Q: Can you tell me if I can access my KiwiSaver deposit for a home deposit, or even to buy a freehold section? I have owned a property with my ex-wife, but had to sell it when we split up. I would really like to use my $30,000-plus in KiwiSaver to buy another house, and if I can, could I maybe use my KiwiSaver money to buy a freehold section instead, as my son is a builder.
After three years of KiwiSaver scheme membership, you may be eligible to withdraw some or all of your savings (except the $1000 kickstart and member tax credits) to put towards the purchase of your first property.
The property must be intended as your main residence (the KiwiSaver Act allows for the purchase of land).
As a previous homeowner, you might qualify for a home purchase withdrawal - provided you haven't made a home purchase withdrawal from KiwiSaver before.
To qualify, Housing New Zealand must determine you are in the same financial position as a first-home buyer - you'll find details of how to apply at www.hnzc.co.nz.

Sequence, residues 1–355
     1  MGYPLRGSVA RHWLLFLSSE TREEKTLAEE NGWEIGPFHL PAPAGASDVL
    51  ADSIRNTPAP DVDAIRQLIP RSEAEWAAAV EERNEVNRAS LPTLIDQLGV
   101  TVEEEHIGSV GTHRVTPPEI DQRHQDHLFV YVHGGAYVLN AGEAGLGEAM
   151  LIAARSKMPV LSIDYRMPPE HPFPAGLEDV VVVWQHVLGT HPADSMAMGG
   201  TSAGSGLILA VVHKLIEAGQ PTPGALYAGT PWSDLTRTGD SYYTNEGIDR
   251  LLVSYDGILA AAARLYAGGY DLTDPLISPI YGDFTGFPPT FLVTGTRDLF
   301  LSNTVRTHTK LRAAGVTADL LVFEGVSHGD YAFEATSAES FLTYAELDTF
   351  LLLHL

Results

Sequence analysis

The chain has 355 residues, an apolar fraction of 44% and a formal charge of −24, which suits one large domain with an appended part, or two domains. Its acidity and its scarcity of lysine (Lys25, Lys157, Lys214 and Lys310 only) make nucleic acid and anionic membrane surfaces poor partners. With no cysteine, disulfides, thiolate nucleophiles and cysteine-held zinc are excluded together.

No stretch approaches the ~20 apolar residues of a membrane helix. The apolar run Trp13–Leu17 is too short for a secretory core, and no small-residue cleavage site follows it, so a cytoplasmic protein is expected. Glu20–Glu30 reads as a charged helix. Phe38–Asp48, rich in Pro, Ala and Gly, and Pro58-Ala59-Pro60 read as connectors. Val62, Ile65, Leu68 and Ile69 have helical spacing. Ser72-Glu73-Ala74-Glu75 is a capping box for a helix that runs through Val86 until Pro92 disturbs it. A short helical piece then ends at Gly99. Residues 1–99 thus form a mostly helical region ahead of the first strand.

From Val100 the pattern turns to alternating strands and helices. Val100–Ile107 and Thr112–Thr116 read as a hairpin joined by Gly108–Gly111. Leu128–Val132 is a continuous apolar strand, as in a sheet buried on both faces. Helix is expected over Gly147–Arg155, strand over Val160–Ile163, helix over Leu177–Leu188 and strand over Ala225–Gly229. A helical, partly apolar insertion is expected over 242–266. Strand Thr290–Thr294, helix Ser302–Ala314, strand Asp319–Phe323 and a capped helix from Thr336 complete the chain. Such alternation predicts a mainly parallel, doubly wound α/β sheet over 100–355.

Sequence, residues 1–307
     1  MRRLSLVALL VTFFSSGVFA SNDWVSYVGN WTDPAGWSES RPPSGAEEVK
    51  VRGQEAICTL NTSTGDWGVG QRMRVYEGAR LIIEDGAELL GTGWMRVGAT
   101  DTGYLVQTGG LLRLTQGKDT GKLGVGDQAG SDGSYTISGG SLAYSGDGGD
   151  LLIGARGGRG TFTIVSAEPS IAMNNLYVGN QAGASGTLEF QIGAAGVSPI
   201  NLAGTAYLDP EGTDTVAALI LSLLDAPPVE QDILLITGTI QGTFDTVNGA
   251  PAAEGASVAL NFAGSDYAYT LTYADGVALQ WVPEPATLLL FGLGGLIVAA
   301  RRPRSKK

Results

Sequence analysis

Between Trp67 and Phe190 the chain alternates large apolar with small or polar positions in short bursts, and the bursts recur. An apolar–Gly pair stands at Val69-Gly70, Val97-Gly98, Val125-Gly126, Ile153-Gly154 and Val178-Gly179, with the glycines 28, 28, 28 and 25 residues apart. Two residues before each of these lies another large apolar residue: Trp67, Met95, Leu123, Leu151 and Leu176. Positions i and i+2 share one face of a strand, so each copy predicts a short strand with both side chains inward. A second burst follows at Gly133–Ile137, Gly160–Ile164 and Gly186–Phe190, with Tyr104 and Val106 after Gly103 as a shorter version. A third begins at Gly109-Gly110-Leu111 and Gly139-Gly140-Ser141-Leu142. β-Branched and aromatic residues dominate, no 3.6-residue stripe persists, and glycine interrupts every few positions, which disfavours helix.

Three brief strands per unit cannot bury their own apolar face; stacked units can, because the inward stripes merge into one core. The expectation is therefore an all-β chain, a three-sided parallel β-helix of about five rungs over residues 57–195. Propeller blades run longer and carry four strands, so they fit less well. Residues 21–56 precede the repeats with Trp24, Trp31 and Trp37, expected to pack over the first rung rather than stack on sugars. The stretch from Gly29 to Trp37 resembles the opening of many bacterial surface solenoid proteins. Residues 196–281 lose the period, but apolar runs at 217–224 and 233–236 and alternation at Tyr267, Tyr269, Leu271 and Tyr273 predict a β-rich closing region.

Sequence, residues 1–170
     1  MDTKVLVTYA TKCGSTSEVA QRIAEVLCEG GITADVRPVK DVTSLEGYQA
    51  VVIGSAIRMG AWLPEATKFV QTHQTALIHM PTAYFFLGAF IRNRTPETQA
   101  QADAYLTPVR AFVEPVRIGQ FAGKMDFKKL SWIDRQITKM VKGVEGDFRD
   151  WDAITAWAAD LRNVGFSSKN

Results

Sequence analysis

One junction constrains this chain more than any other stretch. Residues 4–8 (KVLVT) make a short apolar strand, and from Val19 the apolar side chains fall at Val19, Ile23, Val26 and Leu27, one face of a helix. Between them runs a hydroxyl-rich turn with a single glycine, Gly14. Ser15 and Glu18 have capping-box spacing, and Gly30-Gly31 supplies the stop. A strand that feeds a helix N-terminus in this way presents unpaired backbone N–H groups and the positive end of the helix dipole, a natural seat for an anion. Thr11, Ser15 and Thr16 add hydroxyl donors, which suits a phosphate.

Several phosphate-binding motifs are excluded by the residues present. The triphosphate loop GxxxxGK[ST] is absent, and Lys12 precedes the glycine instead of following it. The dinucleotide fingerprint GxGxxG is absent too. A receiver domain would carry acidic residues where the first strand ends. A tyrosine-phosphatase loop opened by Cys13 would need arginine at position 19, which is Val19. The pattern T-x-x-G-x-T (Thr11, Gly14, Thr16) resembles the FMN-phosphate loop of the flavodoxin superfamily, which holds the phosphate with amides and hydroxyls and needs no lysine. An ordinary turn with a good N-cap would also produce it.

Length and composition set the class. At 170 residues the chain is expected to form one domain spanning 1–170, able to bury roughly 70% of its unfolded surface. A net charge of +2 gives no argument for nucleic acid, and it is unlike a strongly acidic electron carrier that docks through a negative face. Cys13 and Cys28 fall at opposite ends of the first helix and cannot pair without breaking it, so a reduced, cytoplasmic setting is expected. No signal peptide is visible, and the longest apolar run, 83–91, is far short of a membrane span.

Under the KiwiSaver Act, home purchase withdrawals can only be paid to your solicitor's trust account, for payment to the seller on settlement date.
In most cases, this will mean your withdrawal can't be used towards the deposit.
In addition to the first-home purchase withdrawal, there is a KiwiSaver first-home deposit subsidy that's administered by Housing New Zealand. This is worth up to $5000, and previous homeowners may be eligible. You can apply for this when you apply for approval to make a home purchase withdrawal.
•Mark Fitz-Gerald, Westpac head of investments and insurance.
Q: I have just found out the English have a system called SIPP (Self-Invested Personal Pension) where you can choose to run your own fund within approved companies. This seems an excellent option for a proportion of KiwiSavers in our own schemes. Why is this not included in options here?
A SIPP is a superannuation scheme designed specifically for the UK market, which allows investors to make their choices about what assets to hold and when to acquire or dispose of those assets.